The toy train
This morning turned out to be Spain’s National Day and everything was closed for the public holiday. It rained for much of the day, so we took the toy train ride to take in the tourist experience. It was a delightfully absurd way to see the city. And the English language commentary was very informative as we wove in and out of the narrow medieval streets.
The City Wall
A good part of the medieval city wall remains intact and adds to the sense of history. It also brings home the reality of just how contested this part of Spain has been over the past thousand years.
Arco de Santa Maria
The Santa Maria arch was the most important gate to the city throughout the Middle Ages. It also functioned as the Town Hall until the end of the C18th. The Arch of Santa María was originally built in the 14th century as a triumphal arch in honour of Emperor Carlos V. It was given a face-lift in the Renaissance style by Francisco de Colonia and Juan de Vallejo starting in 1536. It was finally completed in 1553 with the addition of a series of statues carved by Ochea de Arteaga.
The Cathedral – Catedral de Santa Maria
We headed off for lunch and then it was time to visit the Cathedral. The Cathedral of St Mary/ Catedral de Santa Maria – was consecrated in 1221. And it is magnificent! The Cathedral is built in the French Gothic style, with major changes incorporated in the C15th and C16th.
The Cathedral houses the tomb of El Cid and his wife Doña Jimena.
Inside the entrance to the Cathedral, there is a clock chimed by a grotesque automaton known as Papamosca – the Fly Catcher – and he opens and closes his mouth with each chime as though catching flies.
There are many side-chapels in the cathedral, each rendered in a different style and each breathtakingly beautiful in their own right.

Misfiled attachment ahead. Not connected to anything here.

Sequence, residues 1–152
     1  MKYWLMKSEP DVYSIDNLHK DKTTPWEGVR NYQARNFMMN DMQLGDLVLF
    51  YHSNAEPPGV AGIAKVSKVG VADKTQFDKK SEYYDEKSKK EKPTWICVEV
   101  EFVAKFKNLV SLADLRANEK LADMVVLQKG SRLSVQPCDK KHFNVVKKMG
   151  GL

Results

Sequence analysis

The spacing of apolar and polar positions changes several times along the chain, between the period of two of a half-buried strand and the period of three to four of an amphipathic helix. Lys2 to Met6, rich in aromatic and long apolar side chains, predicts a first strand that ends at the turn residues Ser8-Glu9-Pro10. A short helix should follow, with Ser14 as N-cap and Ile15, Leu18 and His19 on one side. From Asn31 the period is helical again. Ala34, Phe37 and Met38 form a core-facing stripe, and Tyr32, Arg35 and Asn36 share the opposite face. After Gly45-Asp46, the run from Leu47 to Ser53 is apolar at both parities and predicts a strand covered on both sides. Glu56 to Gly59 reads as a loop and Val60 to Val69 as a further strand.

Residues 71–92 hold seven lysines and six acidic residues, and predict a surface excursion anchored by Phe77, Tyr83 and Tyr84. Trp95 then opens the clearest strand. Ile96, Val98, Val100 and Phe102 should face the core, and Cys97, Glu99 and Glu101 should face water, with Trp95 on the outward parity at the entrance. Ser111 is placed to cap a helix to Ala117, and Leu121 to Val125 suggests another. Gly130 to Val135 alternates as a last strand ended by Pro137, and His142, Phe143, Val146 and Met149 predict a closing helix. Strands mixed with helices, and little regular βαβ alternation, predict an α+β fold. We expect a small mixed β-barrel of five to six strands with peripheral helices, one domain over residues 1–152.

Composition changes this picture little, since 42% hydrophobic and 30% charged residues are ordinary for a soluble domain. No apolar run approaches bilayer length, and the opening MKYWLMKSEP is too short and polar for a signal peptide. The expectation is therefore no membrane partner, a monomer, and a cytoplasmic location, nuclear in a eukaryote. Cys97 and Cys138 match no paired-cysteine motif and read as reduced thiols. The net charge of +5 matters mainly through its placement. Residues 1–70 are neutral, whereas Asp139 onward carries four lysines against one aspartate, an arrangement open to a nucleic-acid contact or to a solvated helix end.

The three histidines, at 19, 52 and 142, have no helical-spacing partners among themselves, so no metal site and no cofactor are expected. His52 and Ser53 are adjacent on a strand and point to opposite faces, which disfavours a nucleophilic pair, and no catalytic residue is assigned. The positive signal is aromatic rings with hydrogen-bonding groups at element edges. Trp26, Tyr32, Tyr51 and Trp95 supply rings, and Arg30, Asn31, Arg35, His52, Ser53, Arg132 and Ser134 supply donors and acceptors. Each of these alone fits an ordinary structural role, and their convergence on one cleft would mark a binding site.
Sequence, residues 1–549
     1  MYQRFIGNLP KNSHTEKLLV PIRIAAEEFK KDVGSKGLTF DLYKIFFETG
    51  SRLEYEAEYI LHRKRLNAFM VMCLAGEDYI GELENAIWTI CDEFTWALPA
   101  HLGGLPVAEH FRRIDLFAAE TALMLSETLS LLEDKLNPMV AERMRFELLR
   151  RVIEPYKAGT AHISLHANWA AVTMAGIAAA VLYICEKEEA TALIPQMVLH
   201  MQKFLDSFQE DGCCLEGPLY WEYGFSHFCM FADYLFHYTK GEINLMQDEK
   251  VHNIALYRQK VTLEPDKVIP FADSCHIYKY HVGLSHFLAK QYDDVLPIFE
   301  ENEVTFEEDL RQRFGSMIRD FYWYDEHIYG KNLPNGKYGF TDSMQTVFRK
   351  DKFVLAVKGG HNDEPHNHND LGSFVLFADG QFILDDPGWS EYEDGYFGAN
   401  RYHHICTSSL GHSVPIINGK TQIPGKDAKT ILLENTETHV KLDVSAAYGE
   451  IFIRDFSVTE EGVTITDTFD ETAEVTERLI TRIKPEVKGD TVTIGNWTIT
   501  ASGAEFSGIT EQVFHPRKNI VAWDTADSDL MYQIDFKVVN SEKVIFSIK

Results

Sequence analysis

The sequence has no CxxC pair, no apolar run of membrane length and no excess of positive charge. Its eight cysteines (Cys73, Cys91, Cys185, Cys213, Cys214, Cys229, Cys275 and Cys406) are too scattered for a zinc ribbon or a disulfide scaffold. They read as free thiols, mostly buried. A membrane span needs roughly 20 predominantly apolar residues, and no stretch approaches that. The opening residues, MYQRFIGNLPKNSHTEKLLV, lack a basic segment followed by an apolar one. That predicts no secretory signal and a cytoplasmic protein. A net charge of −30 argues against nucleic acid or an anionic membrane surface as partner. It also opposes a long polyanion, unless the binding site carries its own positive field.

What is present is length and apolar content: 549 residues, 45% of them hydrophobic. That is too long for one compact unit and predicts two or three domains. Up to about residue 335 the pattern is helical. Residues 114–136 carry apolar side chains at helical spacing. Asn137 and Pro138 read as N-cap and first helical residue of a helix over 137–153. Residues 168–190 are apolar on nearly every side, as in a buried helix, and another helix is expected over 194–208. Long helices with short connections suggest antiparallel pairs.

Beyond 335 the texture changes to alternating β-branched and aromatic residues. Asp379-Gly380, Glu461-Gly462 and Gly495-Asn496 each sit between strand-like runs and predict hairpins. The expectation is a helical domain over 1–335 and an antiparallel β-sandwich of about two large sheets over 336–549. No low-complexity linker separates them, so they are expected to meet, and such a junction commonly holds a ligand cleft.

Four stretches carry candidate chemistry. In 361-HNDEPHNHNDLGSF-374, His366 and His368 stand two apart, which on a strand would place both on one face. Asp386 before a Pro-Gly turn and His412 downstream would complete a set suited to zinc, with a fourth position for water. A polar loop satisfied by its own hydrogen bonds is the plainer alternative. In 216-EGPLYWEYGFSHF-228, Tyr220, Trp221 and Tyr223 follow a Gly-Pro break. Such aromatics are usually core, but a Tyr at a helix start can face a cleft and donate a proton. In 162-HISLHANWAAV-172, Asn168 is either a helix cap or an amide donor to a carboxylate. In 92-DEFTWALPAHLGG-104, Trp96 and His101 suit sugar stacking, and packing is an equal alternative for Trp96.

Outside was a fountain – an ancient and most unusual fountain designed and constructed in 1663 by the Cantabrian artist Clemente de Quintana with water flowing from phallic nozzles, figures astride giant fish and surmounted by
Between the lower figures riding fish or dragons, we see other figures splayed wide. I wondered if perhaps this was symbolic of fertility drawing on pre-Christian iconography.
On the square outside the cathedral, we found a bronze statue of a tired pilgrim – so we sat down to join him…
We found another pilgrim statue at the Municipal albergue – depicted tending his blistered feet.
The Prince – El Cid
El Cid – also known as Rodrigo Diaz de Vivar – was Prince of Valencia and reigned from 1094-99. The Moors called him El Cid, meaning ‘the Lord’. But the Christians called him El Campeador, or Great Warrior. It seems he was born in Vivar near Burgos. And there is a dramatic statue of him on a charging horse near the city portal.
He was King Sancho’s standard bearer and led the military campaigns against Sancho’s brothers – the rulers of Leon and Galicia, as well as the Moslem Andalusian kingdoms.
After King Sanchos was murdered, El Cid was exiled and actually fought for the Moslem rulers of Zaragosa. Later, returning to fight for Sancho’s brother, he ultimately won rule over Valencia. Settling there he ruled fairly, loved by both Christian and Moslem subjects.
He remains a popular folk-hero today in Spain.
This city of 180,000 has a long history. The area has been occupied for around 800,000 years. By the time the Romans came along, they found a substantial celtiberian city – a celtic-speaking people who occupied the Iberian peninsula likely dating back at least as far as the C6th BC.
Today the city is modern and thriving, with a strong respect for its past and for its role as a major stop on the Camino.
I was struck the by the colours and textures of our surroundings
And they were very aware of global issues – and in many places we saw stencil graffiti. This one was welcoming refugees
A Medieval meal
Then it was time for dinner – a delicious Lentejas Medievales (Medieval lentil stew) followed by steak and dessert accompanied with a nice drop of vino tinto. And so to bed.
A Difficult Decision
We had a serious decision to take. Having been travelling for almost 6 weeks before starting the Camino and with a 90 day Schengen Zone visa we were getting concerned that at our current pace we would not make it to Santiago before our visas ran out. With the last 100kms counting toward the Compostela, we did not want to risk failing at the last few kilometres. So it was hard decision time.
If we took the bus across the Meseta to Leon we would make up about a week’s walk which would put us back on target to complete on All Saints Day (1 Nov). And so we resolved to take the bus tomorrow.
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